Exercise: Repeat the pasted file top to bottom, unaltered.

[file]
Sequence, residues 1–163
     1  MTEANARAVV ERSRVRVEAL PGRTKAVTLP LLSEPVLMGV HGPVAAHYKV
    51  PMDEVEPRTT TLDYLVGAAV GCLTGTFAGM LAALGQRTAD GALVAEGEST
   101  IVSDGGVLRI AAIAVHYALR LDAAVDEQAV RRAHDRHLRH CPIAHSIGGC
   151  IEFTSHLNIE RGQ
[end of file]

Sequence, residues 1–163
     1  MTEANARAVV ERSRVRVEAL PGRTKAVTLP LLSEPVLMGV HGPVAAHYKV
    51  PMDEVEPRTT TLDYLVGAAV GCLTGTFAGM LAALGQRTAD GALVAEGEST
   101  IVSDGGVLRI AAIAVHYALR LDAAVDEQAV RRAHDRHLRH CPIAHSIGGC
   151  IEFTSHLNIE RGQ